Auditor General Jack Wagner urged the panel to repeal Act 44 of 2007.  While the tolling of Interstate 80 never came to be, the transportation funding law still calls for the Turnpike Commission to make annual payments of $450-million to PennDOT.  “The Turnpike Commission, with debt of $7-billion and growing, is clearly drowning in debt due to the burdens placed on it by Act 44.” 

Wagner says Turnpike debt has increased 181% in the five years since the law was enacted.  “This is all unacceptable because the Turnpike, quite frankly, isn’t going to survive if this continues,” Wagner testified. 

But Turnpike officials are adamant there is no financial crisis.  “We have a developed a sound, fiscally responsible approach to meeting all of our financial obligations, including the $450-million annual payments to PennDOT,” explained Turnpike Commission CEO Roger Nutt.

Wearing his hat as a member of the Pennsylvania Turnpike Commission, PennDOT Secretary Barry Schoch explained their annual debt service is only $35-million dollars a year, compared to the $450-million dollar fund transfer to the state.  Over time, Schoch says, the revenue raised from annual toll increases will exceed the debt service, allowing the commission to pay down the debt. 

After meeting for two hours, Senate Transportation Chair John Rafferty (R-Montgomery) announced that a second hearing will need to be scheduled.  The one thing lawmakers and testifiers all seemed to agree on is that Pennsylvania must address its transportation funding crisis… with or without Act 44.

Lawmaker Calls on Turnpike Officials to Resign

The Pennsylvania Turnpike Commission is sitting on $7.3-billion dollars in long-term debt, according to Auditor General Jack Wagner, and state Rep. Peter Daley (D-Washington/Fayette) is calling on two top Turnpike officials to resign.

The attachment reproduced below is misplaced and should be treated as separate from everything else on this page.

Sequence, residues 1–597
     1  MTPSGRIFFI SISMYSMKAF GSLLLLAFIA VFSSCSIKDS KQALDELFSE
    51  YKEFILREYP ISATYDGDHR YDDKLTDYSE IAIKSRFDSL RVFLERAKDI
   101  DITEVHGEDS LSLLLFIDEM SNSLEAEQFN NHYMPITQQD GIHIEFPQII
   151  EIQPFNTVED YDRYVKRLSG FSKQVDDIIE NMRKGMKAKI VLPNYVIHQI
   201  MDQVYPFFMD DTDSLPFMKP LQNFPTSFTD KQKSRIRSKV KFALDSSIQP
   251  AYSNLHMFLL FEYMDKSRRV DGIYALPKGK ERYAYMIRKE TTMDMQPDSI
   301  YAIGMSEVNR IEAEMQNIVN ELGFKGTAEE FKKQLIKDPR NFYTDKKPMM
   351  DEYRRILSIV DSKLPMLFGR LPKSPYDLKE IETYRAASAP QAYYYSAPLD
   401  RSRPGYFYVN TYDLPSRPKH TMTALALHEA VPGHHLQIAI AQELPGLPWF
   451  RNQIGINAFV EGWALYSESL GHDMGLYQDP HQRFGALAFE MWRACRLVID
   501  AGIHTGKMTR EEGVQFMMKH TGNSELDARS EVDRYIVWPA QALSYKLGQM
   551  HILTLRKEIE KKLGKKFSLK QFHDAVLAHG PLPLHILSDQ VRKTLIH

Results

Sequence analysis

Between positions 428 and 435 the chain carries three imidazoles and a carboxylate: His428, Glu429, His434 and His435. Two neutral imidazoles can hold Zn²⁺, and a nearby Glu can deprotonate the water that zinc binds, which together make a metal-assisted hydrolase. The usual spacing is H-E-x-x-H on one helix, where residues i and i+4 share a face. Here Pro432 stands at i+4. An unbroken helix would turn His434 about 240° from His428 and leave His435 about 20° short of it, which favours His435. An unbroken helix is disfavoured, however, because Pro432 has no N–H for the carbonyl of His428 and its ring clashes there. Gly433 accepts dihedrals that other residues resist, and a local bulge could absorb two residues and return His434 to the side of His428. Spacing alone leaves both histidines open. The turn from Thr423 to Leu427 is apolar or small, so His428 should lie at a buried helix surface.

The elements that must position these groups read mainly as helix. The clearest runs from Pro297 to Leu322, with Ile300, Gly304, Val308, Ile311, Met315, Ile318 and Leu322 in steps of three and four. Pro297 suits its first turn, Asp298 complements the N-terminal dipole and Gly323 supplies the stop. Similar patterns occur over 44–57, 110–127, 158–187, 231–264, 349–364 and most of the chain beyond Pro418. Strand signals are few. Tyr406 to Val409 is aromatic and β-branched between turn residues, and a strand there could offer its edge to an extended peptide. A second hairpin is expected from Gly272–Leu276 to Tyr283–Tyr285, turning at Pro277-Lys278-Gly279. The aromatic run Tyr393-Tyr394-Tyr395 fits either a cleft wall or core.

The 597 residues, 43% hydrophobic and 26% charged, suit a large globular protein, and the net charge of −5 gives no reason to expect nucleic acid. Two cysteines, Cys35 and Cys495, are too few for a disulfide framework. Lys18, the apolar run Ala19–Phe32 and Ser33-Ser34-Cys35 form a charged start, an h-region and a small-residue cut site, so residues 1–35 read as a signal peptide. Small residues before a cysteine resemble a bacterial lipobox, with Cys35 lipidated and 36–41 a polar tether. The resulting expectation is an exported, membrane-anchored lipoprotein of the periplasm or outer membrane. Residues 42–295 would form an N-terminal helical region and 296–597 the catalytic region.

In a letter sent to the Turnpike Commission, governor’s office and every member of the state House, Daley said it’s time for Turnpike CEO Roger Nutt and COO Craig Shuey to go.  “They have been trying to play this shell game long enough,” Daley said in an interview with WJPA-FM.

The rise in Turnpike debt can be attributed to a 2007 transportation funding plan known as Act 44.  The law, which Daley voted for, called for the tolling of Interstate 80.  While Pennsylvania never received approval for I-80 tolls, Act 44 still calls on the Turnpike Commission to make annual payments of $450-million dollars a year to PennDOT.

Daley’s letter acknowledges that Act 44 has added to the Turnpike’s woes, but he still believes that a lack of leadership is to blame, saying the Turnpike needs to put expensive new capital projects on hold.

While a Turnpike Commission spokesman declined to comment on Daley’s letter, he did provide us with a statement from Roger Nutt regarding their debt obligations.  It reads:  “I reassure you, there is no looming financial crisis at the Turnpike Commission; we continue to receive favorable bond ratings, and we fully intend to meet all funding obligations to PennDOT – as we’ve done for the past five years.” 

Daley says a House committee is expected to take a closer look at the Turnpike debt situation in the weeks ahead.  “We’re going to be asking that a special committee be set up to oversee what’s going on in the Turnpike Commission and to render a report back to the legislature”

Turnpike Sets 2013 Tolls, Takes Step Toward Possible All Electronic System

The Pennsylvania Turnpike Commission has approved tolls for next year.   There will be a differential again in 2013 between what E-ZPass customers pay and what cash customers pay.

Tolls for cash customers will rise 10%, but E-ZPass users will pay only 2% more. Turnpike Spokesman Carl DeFebo says it costs less to collect the tolls electronically. With the toll increase next year, the difference between E-ZPass and cash fares will be about 25%.  He says it’s currently around 17% on average. He says that means substantial savings for people who sign up for E-ZPass.